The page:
Alfred Hitchcock lemon (whole)

At the Alfred Hitchcock pub, the lake through the window frosted with the moonlight. I clutch in my hand the clues of a treasure hunt never undertaken. Sitting opposite me is the girl. She doesn’t know what she’s about to become part of. But I’m not sorry.

She orders herself a drink, and while the staff away I lean over the bar to take a whole lemon from beside the serrated edge of the knife next to it.

“No! Someone will see!” She cries. “Stop! For the good of us all!”

But we both know I never will. I’m hungry still.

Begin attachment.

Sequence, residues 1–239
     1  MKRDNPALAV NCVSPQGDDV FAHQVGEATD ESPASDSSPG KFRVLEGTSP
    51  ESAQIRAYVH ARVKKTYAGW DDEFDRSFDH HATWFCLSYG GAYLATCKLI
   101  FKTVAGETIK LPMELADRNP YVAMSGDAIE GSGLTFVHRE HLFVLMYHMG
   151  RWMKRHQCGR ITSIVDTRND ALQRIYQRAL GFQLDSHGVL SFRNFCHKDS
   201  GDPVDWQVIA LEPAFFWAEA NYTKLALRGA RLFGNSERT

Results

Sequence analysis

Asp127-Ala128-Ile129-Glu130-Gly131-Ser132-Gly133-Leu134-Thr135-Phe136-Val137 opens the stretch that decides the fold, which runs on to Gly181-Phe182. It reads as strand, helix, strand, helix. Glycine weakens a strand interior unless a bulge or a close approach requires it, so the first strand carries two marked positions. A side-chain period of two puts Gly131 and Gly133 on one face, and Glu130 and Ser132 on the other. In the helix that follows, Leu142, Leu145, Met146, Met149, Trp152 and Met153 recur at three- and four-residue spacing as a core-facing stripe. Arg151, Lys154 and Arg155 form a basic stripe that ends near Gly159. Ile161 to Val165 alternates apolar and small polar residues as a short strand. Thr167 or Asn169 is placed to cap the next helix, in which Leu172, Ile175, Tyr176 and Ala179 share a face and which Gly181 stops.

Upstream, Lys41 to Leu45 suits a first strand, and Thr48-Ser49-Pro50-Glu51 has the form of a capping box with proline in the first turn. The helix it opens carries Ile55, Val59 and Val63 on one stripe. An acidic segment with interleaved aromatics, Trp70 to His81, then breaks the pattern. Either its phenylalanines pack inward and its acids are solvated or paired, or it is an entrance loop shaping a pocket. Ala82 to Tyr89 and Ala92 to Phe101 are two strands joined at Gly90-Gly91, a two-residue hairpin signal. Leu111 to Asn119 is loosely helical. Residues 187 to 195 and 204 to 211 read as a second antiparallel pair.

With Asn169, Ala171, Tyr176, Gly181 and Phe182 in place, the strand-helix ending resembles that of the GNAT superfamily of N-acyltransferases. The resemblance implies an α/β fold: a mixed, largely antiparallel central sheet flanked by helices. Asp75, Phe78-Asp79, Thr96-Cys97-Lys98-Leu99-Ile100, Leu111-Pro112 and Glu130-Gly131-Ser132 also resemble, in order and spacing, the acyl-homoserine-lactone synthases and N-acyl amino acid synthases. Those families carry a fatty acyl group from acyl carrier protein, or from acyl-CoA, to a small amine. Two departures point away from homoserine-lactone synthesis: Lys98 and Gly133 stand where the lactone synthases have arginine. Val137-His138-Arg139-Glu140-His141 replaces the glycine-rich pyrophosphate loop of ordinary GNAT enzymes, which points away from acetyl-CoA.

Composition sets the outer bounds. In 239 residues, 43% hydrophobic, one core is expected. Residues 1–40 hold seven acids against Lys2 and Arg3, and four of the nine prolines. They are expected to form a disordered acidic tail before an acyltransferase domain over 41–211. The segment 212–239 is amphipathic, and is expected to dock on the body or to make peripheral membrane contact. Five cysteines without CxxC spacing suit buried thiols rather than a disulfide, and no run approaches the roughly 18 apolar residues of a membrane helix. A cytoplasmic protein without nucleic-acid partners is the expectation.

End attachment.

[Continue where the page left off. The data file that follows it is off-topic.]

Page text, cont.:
When she stands up a second time to order another drink, she rests her arm on the bar, leaning on it.

The staff turn around once more, and I roll the lemon slowly behind the cover of her arm. Placing the drinks in front of it to cover the view, we smile and pay. When the coast is clear, I quickly roll the lemon off the bar and catch it with my other hand.

One lemon (whole)

Then we must hit the leave, before our souls catch up with us. We’re different now. Our shoes are strung together from songs about roads and desert tongued clay.

We’ll be back for more. Maybe not from here. But we’ll be back for more.

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~ by Sandy Nicholson on October 7, 2012.

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